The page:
The workplace can be difficult to navigate, especially when you’re contending with generational gaps, varying management styles, or a stubbornly toxic culture. Add in unconscious biases, power abuse, and sexual harassment, and the office becomes a cruel, dark place.
While it takes more than one person to improve workplace culture, attorney, author, speaker, and workplace consultant Lauren Stiller Rikleen provides recommendations to transform offices into safe spaces for all employees.
Stiller Rikleen’s work has focused on a variety of topics, from ageism and stereotypes to gender bias and sexual misconduct. To promote diversity and inclusion in the workplace, Stiller Rikleen started the Rikleen Institute for Strategic Leadership. It provides presentations, training sessions, and consulting services that address “strengthening multi-generational teams, women’s leadership and advancement, and implementing strategies to minimize the impact of unconscious bias.”
Of the four books Stiller Rikleen has authored, two focus on barriers in the law profession and ways to overcome them. Her third examines millennial stereotypes and the benefits of embracing a multi-generational approach to strengthening workplace relationships.
In a 2015 Fortune article, Stiller Rikleen wrote: “As the largest generation in history, millennials can be a force for the implementation of broad-based workplace flexibility, if they choose to use their power to do so...They should find allies in senior generations who recognize the shifting demographic patterns and embrace the need for change.”
That theme has been a consistent focus. In 2019, Stiller Rikleen analyzed generational differences in management styles and ways in which younger managers could benefit from strong mentorship by older colleagues who can teach collaboration, effective listening and delegation. While the varying styles may inevitably clash, this collaborative approach can create a more enriching workplace, Stiller Rikleen notes.
In the wake of the #MeToo movement, the institute partnered with the Women’s Bar Association of Massachusetts to produce the Survey of Workplace Conduct and Behaviors in Law Firms. The survey sought to understand “whether behaviors exist in the law firm environment that negatively impact lawyers, paralegals, firm administrators, support staff, interns, and law students.”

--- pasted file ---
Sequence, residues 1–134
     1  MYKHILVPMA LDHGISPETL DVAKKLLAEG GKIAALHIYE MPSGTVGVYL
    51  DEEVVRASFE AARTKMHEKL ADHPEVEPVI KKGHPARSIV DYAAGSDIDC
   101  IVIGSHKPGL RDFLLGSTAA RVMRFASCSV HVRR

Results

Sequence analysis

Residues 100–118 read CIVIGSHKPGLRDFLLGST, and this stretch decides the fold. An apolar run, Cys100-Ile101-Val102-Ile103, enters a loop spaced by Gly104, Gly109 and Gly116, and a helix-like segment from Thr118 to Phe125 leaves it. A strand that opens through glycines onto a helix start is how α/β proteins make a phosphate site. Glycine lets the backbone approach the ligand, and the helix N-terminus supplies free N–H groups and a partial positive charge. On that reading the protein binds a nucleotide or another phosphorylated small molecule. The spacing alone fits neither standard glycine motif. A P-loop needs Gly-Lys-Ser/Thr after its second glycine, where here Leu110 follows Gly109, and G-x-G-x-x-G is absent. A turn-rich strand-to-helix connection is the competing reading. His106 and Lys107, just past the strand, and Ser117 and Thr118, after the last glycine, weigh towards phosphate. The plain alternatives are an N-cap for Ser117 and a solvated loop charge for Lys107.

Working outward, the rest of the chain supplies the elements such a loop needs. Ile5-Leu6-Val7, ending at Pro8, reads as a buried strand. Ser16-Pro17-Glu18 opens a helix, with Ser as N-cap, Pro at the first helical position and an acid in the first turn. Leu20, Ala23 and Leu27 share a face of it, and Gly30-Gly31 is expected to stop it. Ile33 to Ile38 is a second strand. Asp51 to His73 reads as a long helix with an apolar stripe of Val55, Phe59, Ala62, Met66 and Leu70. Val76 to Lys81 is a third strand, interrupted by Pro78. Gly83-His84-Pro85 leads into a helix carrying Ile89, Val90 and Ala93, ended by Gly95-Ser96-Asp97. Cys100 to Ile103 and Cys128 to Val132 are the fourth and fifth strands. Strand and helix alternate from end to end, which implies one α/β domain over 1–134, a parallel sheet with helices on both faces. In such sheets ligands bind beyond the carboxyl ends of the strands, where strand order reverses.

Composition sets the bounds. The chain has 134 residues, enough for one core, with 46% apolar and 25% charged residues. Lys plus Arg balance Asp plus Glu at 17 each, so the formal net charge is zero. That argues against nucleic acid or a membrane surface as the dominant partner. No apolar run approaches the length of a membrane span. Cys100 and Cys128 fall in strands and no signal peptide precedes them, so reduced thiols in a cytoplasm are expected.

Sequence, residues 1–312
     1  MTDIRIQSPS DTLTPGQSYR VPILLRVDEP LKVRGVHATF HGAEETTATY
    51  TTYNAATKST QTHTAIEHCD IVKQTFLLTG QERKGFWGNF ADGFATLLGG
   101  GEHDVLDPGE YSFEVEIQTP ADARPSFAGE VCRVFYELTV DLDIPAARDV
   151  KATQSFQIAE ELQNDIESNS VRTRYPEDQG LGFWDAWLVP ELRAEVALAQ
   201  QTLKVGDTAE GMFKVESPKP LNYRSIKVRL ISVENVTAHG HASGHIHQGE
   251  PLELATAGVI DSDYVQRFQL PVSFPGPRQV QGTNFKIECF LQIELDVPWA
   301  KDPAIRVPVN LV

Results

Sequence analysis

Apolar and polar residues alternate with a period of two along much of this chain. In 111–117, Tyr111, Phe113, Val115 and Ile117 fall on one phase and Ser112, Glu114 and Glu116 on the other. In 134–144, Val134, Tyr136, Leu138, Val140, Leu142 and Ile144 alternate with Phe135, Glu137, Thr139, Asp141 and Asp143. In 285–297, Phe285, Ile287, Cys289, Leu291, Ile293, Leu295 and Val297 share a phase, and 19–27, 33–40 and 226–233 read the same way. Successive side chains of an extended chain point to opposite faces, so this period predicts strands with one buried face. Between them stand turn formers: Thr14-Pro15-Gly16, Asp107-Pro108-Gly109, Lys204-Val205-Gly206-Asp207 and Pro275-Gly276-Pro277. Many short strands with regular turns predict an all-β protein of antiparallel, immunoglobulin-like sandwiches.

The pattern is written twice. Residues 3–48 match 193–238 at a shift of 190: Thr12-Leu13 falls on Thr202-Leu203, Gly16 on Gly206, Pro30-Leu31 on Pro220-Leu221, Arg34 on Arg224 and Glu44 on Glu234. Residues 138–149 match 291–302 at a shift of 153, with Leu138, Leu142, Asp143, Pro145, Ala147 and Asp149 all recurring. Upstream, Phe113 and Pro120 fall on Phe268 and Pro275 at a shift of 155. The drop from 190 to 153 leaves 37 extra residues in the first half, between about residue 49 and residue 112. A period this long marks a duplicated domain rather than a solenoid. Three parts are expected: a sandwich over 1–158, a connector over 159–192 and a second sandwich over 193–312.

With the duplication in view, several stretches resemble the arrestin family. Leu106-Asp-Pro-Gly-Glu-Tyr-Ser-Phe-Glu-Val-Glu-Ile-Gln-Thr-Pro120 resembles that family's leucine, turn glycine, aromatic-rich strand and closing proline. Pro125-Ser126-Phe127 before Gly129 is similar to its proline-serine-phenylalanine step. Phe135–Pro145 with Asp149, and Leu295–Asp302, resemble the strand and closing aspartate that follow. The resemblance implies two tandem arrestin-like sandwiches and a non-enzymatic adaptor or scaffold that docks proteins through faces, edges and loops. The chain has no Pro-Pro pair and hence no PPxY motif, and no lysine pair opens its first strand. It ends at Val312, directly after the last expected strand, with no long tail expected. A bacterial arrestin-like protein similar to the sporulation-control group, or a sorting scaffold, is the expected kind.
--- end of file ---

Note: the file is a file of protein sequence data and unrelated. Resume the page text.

“The responses to this survey suggest that much work needs to be done to ensure that law firms are providing a workplace culture where negative behaviors are not tolerated and where people can work without fear,” the survey reads.
It found that negative and inappropriate behaviors persisted due to unchecked power imbalances and reporting was “inhibited by the pressure to ‘go along with’ or otherwise accept inappropriate comments as ‘just a joke,’” even if the comments were racist, sexist, homophobic, or xenophobic. Many respondents felt pressured to ignore such “jokes,” so they could be viewed as team players.
The survey and accompanying report included more than a dozen recommendations to “provide a culture in which people can do their jobs in a safe and respectful environment.” Among them:
- Engage leadership in creating a positive firm culture that treats all with civility and respect
- Implement measures to hold all firm leaders accountable for the behaviors of those they supervise or manage
- Develop a comprehensive policy that does not hide behind strict definitions.
- Consider an independent process for reporting
- Develop a process to encourage reporting and then provide ongoing support and information to those who do so
- Do not force face-to-face interactions between a person who reports and the person being reported
- Develop training techniques for and encourage implementation of bystander intervention
Stiller Rikleen subsequently published her 2019 book “The Shield of Silence: How Power Perpetuates a Culture of Harassment and Bullying in the Workplace,” which “argues that sexual harassment and other negative behaviors will not be stopped unless the condition that drives victims and bystanders into silence—the overriding fear that reporting misconduct will result in retaliation—is eliminated.”
“Gender parity is not a zero-sum game,” Stiller Rikleen writes in a Fortune article titled “Is Gender Bias a Reason to Quit Your Job?”
“It is the ultimate team sport and requires men and women willing to come together to tackle the hard work of developing goals, rewarding success, and holding people accountable for failure.”
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